By Will Tullis, ITV News
“Heidi loves to draw pictures of food,” says her mum.
“At the hospital she drew pictures of ice cream, a chocolate bar and a cupcake. The nurse asked her, 'do you eat any of those things Heidi?’ Heidi just shook her head and said no”.
Heidi does many of the things eight-year-olds love to do: she draws, she plays with her dolls and she loves seeing her friends.
But aside from the usual trials and tribulations of childhood, Heidi has anorexia. She is one of 17,000 children in the UK aged 5-10 with an eating disorder.
And like so many others suffering with eating disorders, Heidi’s mum Stephanie says the Covid pandemic has made her daughter’s situation “a million times worse”.
It all started eighteen months ago, when Heidi heard a voice in her head telling her to stop eating.
“She doesn’t understand what she’s doing or why she’s doing it,” says Stephanie: "As a mother, I’m heartbroken inside”.
The lack of eating has left Heidi exhausted. So exhausted, that she can only manage half a day of school before coming home early and going to sleep.
A naturally intelligent, caring, and sensitive girl who dreams of becoming a vet, Heidi’s condition has had a huge impact on her energy and ability to concentrate:
“Sometimes walking is too much for her, so I have to take her out in a buggy,” says Stephanie.
"Her friends don’t know about her condition and say ‘aren’t you a bit old for that Heidi?’ and my heart just sinks”.
Heidi was referred to an NHS eating disorder team. But eating disorders in children her age are so uncommon that no care plan exists for a child of Heidi’s age. This means that, at the age of eight, Heidi has been put on an eating disorder care plan designed forteenagers.
“I broke down saying there’s no path for Heidi because she’s so young...we’re left treading water”.
The pandemic has made matters worse.
Heidi’s doctor is stuck abroad meaning her parents are unable to liaise with him. This has stalled Heidi’s treatment and recovery.
Zoom sessions with doctors are no substitute for the in-person treatment Heidi so desperately needs.
Stephanie often feels like her family is taking on this battle alone.
Things to look out for if you are worried that your child might have an eating disorder:
Avoiding eating with the family, including by saying they have already eaten or will eat later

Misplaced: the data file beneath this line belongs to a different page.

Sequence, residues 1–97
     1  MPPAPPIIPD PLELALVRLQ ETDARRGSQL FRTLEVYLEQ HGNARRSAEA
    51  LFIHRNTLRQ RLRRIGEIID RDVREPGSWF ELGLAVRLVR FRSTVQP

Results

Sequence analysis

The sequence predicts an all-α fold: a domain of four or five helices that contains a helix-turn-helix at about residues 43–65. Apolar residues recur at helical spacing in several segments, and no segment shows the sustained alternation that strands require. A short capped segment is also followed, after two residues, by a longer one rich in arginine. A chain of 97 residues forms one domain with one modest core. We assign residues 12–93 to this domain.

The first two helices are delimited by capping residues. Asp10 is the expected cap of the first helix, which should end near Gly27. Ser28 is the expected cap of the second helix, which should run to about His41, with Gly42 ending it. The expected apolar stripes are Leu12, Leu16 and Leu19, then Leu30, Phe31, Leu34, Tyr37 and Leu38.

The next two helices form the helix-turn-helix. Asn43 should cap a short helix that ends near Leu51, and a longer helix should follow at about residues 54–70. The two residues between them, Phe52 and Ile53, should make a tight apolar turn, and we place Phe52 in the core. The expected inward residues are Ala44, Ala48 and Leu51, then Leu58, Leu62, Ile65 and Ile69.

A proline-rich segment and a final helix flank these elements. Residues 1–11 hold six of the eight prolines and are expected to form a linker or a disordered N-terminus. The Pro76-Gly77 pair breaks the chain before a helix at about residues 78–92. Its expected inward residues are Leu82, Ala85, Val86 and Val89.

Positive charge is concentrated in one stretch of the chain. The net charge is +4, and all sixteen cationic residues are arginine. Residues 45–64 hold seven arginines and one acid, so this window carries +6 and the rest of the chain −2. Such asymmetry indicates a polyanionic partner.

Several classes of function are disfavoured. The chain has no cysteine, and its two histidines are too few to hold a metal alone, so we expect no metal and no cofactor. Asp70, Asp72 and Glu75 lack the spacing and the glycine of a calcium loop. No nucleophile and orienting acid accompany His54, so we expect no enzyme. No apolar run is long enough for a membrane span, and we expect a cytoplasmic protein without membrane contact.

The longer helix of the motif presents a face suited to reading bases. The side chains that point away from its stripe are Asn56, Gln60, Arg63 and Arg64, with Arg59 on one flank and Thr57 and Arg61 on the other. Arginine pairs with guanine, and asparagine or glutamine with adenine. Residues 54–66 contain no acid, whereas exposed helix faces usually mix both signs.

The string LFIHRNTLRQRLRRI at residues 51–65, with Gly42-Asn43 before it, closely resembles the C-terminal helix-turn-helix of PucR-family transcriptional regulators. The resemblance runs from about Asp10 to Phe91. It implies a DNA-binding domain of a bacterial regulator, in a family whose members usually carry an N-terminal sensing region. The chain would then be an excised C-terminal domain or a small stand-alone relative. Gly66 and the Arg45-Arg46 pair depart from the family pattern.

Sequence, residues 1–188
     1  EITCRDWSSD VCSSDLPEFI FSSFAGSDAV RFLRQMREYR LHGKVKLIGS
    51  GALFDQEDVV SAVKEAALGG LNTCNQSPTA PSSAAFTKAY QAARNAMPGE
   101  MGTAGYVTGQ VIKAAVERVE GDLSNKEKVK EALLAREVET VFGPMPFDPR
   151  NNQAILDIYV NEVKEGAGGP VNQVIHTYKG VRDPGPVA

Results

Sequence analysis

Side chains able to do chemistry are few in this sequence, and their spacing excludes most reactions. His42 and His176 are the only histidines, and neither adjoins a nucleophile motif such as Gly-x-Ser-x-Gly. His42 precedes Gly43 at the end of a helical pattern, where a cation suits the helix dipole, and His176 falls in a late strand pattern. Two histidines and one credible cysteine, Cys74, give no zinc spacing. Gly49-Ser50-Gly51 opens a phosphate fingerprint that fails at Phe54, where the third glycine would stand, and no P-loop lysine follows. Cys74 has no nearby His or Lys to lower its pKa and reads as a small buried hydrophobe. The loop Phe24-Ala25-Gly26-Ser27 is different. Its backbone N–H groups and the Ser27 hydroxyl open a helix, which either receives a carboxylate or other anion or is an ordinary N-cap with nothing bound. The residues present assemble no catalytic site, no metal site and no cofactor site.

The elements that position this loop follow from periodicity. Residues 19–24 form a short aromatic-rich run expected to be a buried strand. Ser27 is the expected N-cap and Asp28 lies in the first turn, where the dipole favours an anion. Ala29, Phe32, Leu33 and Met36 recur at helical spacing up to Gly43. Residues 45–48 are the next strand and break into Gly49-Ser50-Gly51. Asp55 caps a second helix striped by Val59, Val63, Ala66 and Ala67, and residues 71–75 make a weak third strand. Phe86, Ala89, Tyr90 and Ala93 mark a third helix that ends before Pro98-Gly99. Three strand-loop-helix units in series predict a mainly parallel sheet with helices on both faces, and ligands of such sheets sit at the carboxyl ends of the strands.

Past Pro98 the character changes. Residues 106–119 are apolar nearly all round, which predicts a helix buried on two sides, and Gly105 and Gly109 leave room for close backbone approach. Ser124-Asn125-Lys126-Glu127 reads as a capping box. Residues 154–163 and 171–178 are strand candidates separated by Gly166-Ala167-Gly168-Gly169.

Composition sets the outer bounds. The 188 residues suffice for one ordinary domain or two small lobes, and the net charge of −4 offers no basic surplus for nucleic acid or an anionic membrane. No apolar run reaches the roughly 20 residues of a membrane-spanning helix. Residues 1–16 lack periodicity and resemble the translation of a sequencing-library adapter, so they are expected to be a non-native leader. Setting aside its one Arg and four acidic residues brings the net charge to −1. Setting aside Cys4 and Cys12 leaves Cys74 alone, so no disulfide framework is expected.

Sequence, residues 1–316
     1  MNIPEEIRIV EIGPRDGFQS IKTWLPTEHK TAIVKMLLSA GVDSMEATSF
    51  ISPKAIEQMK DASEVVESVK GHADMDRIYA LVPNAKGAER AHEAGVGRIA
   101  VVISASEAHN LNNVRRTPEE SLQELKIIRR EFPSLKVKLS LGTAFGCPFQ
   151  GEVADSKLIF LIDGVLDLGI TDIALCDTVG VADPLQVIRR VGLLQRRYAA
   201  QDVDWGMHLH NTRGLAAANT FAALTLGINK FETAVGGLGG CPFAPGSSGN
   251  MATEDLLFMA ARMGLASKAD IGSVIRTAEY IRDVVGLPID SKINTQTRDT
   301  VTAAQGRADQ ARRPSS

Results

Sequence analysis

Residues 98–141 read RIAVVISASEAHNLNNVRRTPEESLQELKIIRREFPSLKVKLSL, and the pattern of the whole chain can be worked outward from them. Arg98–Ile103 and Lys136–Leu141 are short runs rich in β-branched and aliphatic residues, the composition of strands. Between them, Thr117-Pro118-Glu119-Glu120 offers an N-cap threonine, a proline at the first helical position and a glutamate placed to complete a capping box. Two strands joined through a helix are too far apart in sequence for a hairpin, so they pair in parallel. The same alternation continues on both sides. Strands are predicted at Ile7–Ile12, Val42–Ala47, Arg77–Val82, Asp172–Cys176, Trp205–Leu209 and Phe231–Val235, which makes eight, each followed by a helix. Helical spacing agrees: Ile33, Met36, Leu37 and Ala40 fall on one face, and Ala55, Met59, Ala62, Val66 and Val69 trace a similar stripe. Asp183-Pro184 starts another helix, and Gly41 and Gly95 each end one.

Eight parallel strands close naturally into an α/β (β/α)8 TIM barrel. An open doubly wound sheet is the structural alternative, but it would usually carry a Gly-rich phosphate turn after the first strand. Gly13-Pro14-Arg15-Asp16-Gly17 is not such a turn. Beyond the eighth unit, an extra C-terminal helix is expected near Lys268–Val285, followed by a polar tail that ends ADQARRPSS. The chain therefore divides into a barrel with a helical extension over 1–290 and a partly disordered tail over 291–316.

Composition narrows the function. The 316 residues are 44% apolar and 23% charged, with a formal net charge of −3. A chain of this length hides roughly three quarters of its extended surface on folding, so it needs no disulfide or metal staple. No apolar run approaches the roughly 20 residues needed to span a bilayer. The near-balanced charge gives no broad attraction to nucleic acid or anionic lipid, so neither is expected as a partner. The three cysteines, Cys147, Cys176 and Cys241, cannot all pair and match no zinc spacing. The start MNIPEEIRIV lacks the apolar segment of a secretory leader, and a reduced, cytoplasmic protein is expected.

Being very rigid about what they will and won’t eat, or obsessively counting calories
Excessive focus on body weight and shape
Low confidence and self-esteem
Social withdrawal or isolation
Covid-19 has dealt a cruel blow to people with eating disorders. Beat Eating Disorders, a charity, says it has seen a 170% increase in people seeking its help since the start of thepandemic.
Tom Quinn of Beat said that Covid and lockdowns have created a perfect storm for the estimated 1.3m people in the UK with eating disorders.
Covid restrictions have taken away the routine that is so crucial to managing eating disorders, lockdown has led to increased anxiety and isolation, and it has been harder to see friends and go out - crucial coping mechanisms for many people with eating disorders.
On top of this, treatment programmes and groups have either been closed, cancelled, ormoved online - no substitute for in-person treatment.
Food shortages and stockpiling brought on by the pandemic have also had an impact on people with eating disorders, who rely on “safe foods” that they feel comfortable eating.
Safe foods are crucial to the recovery process for people with eating disorders. Safe food shortages have been devastating for many with eating disorders, who found going food shopping distressing enough at the best of times.
Eating disorders need to be diagnosed and treated early for the best possible results, said Mr Quinn. But Covid has made getting doctors’ appointments and in-person treatment so much harder.
Heidi’s mum Stephanie is a childminder who has been working tirelessly throughout the pandemic. Caring for children is her profession, but nothing could prepare her for what her own daughter’s going through:
“With other people’s children from the outside looking in, you think that you can deal with it...but I’m literally watching [Heidi] go through this every day. It’s absolutely devastating”.
Heidi is a generous, compassionate girl whose dreams are all based around helping others. She often talks of how she wants to look after children like her mum, or look after animals.
This is reflected in Heidi’s love of dolls who she cares for as if they were real children:
“She loves looking after babies,” says Stephanie, “she will feed her toy baby but she doesn’t know she needs to feed herself.”
Heidi and her family can take huge pride in the courage they are showing in the face of child anorexia, when information and resources on eating disorders in children are so limited.
“Heidi always says ‘I want to be like you mummy’,” says Stephanie. “I must be doing a good job if I’ve got a daughter who wants to be like me. What a compliment that is.”
If you or someone you know has been affected by any of the issues raised in this report, here's where to get help.
Get in touch with your local GP, or reach out to eating disorder charity Beat via their website or on 0808 801 0677.